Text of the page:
Boycotts are iffy things; their success depends not only on mobilizing consumers to act, but also on the willingness of the target to be influenced. The groups involved in the boycott said they understood the chances of persuading Kellogg to reverse its decision were not great, but that helping Phelps regain his lucrative endorsement deal was not the only reason for the action.
"We are trying to bring attention to the fact that Michael Phelps has committed an act that millions and millions of Americans have committed," said Amber Langston, SSDP eastern region outreach director, who noted that about 25,000 people had signed on to the group's petition -- begun before the Kellogg announcement -- urging that Phelps not be barred from Olympic competition. "He's still a hero, he's not a bad person, and he doesn't deserve to be punished. Our students have really mobilized to let Kellogg know how we feel."
The Phelps bong brouhaha and the South Carolina arrests of students attending the party where he was photographed could have a silver lining, Langston said. "Those arrests were completely ridiculous, but some good could come of all this by bringing attention to the fact that people are being needlessly punished. Phelps should not be arrested, and neither should the people who were there with him."
Langston may be on to something. Media coverage of the affair has been remarkable in that it has sparked more coming out of the closet as pot smokers than ever before and notable for the mocking tone about the hand-wringing over Phelp's bong photo and marijuana in general.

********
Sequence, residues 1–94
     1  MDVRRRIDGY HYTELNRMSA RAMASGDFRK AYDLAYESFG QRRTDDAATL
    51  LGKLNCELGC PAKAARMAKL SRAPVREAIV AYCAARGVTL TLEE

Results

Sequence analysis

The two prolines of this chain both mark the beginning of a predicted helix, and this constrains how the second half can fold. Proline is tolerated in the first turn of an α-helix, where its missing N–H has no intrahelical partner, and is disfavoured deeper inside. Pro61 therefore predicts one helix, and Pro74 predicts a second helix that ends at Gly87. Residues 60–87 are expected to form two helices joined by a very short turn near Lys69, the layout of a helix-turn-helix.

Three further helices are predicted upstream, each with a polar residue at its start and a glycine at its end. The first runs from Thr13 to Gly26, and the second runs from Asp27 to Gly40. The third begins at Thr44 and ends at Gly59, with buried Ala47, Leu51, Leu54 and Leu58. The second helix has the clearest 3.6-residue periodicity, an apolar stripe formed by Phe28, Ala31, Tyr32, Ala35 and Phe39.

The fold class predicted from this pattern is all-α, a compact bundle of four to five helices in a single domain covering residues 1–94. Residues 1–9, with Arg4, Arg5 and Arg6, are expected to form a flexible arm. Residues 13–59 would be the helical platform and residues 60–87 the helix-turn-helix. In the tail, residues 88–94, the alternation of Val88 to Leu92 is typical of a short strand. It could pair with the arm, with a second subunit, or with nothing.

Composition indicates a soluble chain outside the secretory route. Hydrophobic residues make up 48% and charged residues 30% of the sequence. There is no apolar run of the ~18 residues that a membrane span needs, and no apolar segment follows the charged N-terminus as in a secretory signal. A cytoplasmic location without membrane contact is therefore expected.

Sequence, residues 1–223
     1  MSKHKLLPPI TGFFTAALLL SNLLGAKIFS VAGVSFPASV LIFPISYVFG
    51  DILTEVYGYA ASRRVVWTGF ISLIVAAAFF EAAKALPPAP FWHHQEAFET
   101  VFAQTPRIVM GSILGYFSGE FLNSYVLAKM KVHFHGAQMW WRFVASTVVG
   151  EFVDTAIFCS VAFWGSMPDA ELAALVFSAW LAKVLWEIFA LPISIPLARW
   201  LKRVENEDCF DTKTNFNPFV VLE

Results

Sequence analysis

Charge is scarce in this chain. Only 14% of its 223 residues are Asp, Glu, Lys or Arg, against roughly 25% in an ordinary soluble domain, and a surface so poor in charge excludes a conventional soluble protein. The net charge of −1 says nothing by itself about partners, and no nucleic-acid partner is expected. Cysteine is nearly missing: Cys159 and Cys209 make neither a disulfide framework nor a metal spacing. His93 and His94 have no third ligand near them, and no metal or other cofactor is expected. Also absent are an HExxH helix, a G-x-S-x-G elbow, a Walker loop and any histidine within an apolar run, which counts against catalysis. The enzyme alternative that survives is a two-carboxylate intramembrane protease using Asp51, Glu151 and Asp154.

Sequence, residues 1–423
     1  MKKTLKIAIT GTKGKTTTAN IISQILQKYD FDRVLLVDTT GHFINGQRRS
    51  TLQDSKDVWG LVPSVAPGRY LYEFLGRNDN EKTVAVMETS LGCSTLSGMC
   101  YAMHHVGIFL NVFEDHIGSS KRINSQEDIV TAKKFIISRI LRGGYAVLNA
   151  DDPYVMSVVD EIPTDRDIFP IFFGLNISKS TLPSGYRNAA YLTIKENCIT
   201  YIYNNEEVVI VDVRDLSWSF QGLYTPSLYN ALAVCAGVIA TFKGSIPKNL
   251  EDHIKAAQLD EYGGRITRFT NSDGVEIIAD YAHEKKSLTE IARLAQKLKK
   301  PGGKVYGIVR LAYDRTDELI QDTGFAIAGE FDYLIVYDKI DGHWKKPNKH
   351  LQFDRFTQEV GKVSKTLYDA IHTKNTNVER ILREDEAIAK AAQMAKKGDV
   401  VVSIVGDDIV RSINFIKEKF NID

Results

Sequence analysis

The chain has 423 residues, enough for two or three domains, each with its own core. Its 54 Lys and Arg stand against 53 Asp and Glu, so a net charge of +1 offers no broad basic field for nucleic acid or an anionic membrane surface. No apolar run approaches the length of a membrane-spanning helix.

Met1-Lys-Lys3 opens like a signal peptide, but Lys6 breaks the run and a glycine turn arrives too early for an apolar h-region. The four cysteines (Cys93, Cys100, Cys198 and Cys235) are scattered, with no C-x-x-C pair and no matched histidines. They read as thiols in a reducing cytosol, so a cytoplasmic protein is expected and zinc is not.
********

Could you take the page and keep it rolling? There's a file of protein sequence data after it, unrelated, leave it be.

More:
"This has struck a nerve like never before," said DPA's Ethan Nadelmann. "It is a case of overreach that provides an opportunity for the movement," he said. "When you look at the overwhelming majority of responses to this, it was give me a break, we have a president who smoked pot, enough with this hypocrisy. They are trying to say this sends the wrong message to the kids, but this is a guy who brought home a dozen gold medals."
Kellogg's decision to dump Phelps provided a rare opening for the reform movement, said Nadelmann. It's easier to pressure a corporation than a government, he noted.
"One of the challenges we face in drug policy reform," said Nadelmann, "is that we don't often have the option of targeting corporations doing bad things because we are mostly opposed to government -- not corporate -- policies. But this is an easy case. Also, Kellogg is a very prominent company, and it is helpful to be able to go after a visible target. And to be able to say that millions of Americans will no longer be turning to Kellogg when they have the munchies is a laugh line, but it's also true."
"The boycott call gives us a venue to really put the issue in perspective and talk about why marijuana prohibition is harmful and counterproductive," said MPP communications director Bruce Mirken. "It's a way to put the issue out into the public discussion. Nobody would care if this guy was photographed holding a martini or a bottle of beer, yet there is all this uproar despite there being no dispute that alcohol is the more dangerous drug."
And it's working, Mirken said. "We're a bit blown away by the intensity of the media attention around this. We've been doing radio interviews literally all day, and we have more scheduled for tonight," he said Wednesday. "Even if we don't change Kellogg's position -- and we know that effective boycotts are difficult -- this gives us a huge opportunity to educate the public about the fact that the laws don't make any sense."